Alonso, aged 40, will see his contract with Alpine expire at the end of this season at the same time as fellow veteran Vettel, aged 35, will step away.

"All the teams are an option as long as they don’t have two drivers signed," Alonso said ahead of the F1 Hungarian Grand Prix. 

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"My priority is to be with Alpine. We’ve been working and developing this project together for two years now. We are more and more competitive.

"Probably my wish is to stay. But we didn’t sit down completely and move forward with things. So still everything is ongoing."

When Vettel brings a close to his 15-year F1 career at the end of 2022, leaving a vacant Aston Martin seat, he will leave Alonso and Lewis Hamilton as the only two drivers who also competed in 2007.

Vettel leaves a legacy as a four-time world champion while Alonso has won the title twice. The Spaniard, however, has no intention of following Vettel into retirement yet.

His future remains up in the air.

Alonso said: "From the beginning of the summer break, it will be the point I need to sit down and conclude something. The summer break starts on Monday."

He said about the possibility of talking to Aston Martin: "Not really no, I think we spoke in 2020 when they were very competitive and winning races and on the podium, before I came back. I didn’t go well, I came with Alpine and I’m happy where I am."

On talks over a new contract with Alpine, he said: "Not yet but it will happen. I will be on holidays, the bosses will be on holidays as well so we need to fix some media calls or whatever. When two parties want to agree on something, it takes 10 minutes. When two parties, they fight or struggle on something, maybe one of the side is not happy, [it takes longer].

"I would like to stay here, I said that. But there are two parties, and I will not put a gun to the head of anyone.

"We will open the negotiations and as I said, if we agree on something, it will be a 10 minute conversation. If we have to fight too much, it will be strange."

Alonso reaffirmed faith in Alpine's competitiveness into 2023: "Sure it’s important, but this is not a crystal ball that you can choose. I guess with this set of regulations, it seems Ferrari, Red Bull and Mercedes are the only capable teams of winning races.

"So if you have an opportunity for 2023 with those three teams, you will try to join forces.

"There is no opportunity so you just need to trust some of the projects, wishing that they are competitive next year. It’s all a hope.

"But as I said, my challenge is big here, to try to win in this comeback.

"It’s not easy, I’m not in any of those three teams, but I don’t have other challenges in my head now. I don’t have a family, all the other categories, they are not giving me any appeal at the moment. So I’m happy where I am."

Alonso is the older driver on the grid but insists his age is not a factor: "I feel very fresh, I feel reactions are as sharp as ever.

"It was a very physical race [in France], we talked after the race and I was ready to go for another three or four grands prix. There are signs from your body, you’re the first one to raise your hand and say ‘this is a little bit too much for me’.

"It has never been my case in the car, I feel always very good. But for example in 2018, I had a lot of marketing commitments, a lot of travelling. I was exhausted mentally, Not physically.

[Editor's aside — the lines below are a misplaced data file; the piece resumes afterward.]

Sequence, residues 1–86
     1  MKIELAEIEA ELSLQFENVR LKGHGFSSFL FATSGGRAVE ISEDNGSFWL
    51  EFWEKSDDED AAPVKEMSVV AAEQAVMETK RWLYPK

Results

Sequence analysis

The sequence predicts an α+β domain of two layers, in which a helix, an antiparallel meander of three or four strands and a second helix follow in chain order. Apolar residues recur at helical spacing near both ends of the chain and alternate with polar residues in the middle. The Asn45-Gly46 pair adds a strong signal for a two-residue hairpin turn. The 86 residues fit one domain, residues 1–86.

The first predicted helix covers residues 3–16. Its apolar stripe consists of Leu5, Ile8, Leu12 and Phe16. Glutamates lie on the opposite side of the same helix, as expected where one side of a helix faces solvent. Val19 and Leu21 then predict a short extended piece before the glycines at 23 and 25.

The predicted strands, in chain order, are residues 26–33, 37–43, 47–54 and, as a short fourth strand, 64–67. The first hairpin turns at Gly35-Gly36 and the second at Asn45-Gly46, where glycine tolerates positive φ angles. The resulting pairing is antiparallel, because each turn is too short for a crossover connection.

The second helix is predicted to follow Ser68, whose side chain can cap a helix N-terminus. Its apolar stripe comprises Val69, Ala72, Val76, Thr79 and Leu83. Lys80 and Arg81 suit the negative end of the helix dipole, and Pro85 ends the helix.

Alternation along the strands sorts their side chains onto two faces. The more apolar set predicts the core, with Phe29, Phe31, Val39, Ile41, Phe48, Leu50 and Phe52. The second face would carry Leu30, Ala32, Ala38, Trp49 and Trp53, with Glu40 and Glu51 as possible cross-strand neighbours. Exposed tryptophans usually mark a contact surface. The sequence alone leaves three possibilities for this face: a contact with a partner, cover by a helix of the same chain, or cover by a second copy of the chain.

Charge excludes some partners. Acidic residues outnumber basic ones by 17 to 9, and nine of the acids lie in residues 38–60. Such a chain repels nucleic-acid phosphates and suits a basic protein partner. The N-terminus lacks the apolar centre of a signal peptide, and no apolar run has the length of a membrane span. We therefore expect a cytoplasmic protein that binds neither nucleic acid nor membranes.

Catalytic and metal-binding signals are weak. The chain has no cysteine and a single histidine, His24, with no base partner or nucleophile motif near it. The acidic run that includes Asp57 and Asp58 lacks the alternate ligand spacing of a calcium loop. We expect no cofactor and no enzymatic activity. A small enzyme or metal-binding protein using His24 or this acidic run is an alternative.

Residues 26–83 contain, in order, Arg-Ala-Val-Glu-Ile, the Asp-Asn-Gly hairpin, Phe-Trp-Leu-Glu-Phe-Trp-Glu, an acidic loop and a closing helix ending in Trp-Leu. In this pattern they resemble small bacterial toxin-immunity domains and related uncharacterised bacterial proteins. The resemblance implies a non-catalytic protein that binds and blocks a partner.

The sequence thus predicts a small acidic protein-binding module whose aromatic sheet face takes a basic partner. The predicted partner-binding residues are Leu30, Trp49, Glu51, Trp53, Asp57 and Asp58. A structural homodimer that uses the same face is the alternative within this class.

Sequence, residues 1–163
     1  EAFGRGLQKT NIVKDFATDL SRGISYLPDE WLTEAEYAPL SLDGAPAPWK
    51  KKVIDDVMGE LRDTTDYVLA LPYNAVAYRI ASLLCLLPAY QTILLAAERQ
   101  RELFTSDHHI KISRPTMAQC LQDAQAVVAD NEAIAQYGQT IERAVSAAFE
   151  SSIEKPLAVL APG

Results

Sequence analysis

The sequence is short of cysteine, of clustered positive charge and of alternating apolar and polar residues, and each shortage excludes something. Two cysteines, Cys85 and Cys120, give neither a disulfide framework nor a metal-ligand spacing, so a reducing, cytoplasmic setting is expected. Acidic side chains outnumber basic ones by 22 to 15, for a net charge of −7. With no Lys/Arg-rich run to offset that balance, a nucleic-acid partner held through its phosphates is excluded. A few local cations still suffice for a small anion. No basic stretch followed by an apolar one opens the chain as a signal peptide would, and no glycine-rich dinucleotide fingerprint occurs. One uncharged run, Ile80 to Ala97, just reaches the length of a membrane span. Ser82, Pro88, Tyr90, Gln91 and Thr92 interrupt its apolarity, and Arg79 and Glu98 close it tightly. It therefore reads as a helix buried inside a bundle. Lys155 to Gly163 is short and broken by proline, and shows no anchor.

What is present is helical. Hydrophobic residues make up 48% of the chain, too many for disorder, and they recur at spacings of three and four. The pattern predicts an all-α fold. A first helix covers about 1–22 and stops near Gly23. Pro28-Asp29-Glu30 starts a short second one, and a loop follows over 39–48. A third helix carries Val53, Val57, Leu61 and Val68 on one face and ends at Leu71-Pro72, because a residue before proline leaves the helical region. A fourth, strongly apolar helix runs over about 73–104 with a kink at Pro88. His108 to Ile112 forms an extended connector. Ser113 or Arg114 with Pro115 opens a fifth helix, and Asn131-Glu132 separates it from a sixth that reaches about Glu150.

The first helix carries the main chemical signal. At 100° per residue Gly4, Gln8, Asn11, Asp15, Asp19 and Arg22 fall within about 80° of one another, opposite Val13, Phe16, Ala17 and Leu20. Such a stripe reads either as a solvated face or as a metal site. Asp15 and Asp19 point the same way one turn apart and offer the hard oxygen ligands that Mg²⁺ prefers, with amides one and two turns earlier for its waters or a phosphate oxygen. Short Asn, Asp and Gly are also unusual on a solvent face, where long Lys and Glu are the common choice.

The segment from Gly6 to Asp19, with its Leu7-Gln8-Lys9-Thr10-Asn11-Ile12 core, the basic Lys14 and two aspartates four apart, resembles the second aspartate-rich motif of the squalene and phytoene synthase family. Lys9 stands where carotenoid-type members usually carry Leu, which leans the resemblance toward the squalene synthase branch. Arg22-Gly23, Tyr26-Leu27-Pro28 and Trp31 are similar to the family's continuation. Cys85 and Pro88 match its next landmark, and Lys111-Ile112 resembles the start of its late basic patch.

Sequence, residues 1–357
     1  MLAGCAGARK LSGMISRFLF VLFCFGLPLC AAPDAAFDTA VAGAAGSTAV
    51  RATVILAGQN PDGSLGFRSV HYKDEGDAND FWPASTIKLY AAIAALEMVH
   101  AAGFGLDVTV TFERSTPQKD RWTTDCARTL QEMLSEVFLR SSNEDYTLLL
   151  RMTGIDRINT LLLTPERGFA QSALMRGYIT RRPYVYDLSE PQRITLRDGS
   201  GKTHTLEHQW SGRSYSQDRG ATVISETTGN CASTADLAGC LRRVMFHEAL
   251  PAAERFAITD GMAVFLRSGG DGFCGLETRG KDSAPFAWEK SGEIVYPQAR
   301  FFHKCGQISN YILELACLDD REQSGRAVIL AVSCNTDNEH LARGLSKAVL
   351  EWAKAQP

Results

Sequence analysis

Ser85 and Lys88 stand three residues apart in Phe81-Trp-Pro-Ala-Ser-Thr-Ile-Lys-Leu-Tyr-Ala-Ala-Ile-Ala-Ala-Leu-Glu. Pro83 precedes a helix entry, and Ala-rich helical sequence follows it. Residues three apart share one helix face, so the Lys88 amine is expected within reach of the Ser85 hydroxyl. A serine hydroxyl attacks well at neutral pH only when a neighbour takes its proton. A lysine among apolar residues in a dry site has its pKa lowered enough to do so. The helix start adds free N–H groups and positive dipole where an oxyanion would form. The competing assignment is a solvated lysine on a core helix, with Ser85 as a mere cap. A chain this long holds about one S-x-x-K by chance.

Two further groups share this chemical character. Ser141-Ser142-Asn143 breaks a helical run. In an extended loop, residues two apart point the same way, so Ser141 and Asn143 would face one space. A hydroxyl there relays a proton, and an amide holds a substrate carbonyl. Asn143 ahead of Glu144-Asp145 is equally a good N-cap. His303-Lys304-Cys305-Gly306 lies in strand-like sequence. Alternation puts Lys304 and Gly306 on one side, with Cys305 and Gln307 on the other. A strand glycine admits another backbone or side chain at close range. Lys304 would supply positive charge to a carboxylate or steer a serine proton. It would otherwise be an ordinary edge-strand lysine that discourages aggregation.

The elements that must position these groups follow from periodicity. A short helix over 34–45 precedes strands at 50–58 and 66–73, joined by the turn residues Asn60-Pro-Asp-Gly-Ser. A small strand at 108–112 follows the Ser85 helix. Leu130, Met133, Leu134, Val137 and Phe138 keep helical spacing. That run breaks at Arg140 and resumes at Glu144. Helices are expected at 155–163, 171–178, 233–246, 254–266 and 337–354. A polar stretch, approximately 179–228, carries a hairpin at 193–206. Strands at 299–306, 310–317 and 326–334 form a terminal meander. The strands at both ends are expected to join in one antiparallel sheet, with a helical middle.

"Now I am very fresh, travelling wise or just looking at the calendar now, Singapore I will go Monday. Normally I go on Tuesday or Wednesday, now I will go on Monday. I don’t care to spend one or two more days in the city because it’s better for the heat and things like that. I’m just enjoying it."

Alonso first retired from F1 after the 2018 season, missing two years to pursue other championships. He notable raced in the 24 Hours of Le Mans, the Dakar Rally and the Indy 500 but insists that those bucket-list opportunities won't tempt him away again.

"Not in the short term," he said. "But I think I am fresh here, very motivated. I’m looking forward so much into next year, what the second year of these rules will bring. We race in Las Vegas, we race maybe in South Africa.

"All these things, they are very appealing. I feel very fast this year, last year was a struggle a little bit. But this year I feel at my 100 per cent. Now even thinking about sportscars or IndyCar it’s like ‘not now’. My head is completely ‘remove this’ and stay focused on F1.

"I stopped in 2018 because I had bigger challenges in my head. I had the Le Mans, I had the IndyCar. I wanted to try cross country rallying, so I have also the challenges. In 2018 or 2019, the possibilities that I had to race here in the paddock was not attractive. There was only one team winning. Only Valtteri Bottas nad Hamilton, they were fighting for each race win, each pole position. It was, for me, not the place to be, not a happy place.

"So I decided to stop, I don’t know if that came to play in Sebastian’s decision as well, having a competitive or non competitive car. Then in the time away from Formula 1, in my case we had the pandemic as well. All the other series were hit quite badly in terms of sponsors, manufacturers, things like that. F1 was still quite healthy in that moment. So I thought in that moment the biggest challenge was to come back in Formula 1 and try to do well. I move always by own challenges more than what I think in that moment of my career."

Alonso reflected on Vettel's retirement by considering the toughest rivals of his own career: "I think Lewis and Seb, both of them I shared most of my time. Obviously Michael Schumacher will remain always maybe my top pic because I was fighting for the championship with him and I grew up watching him in Formula 1, dominating the sport. I learned so many things from Michael, and then Lewis and Seb. The three of us, we shared a lot."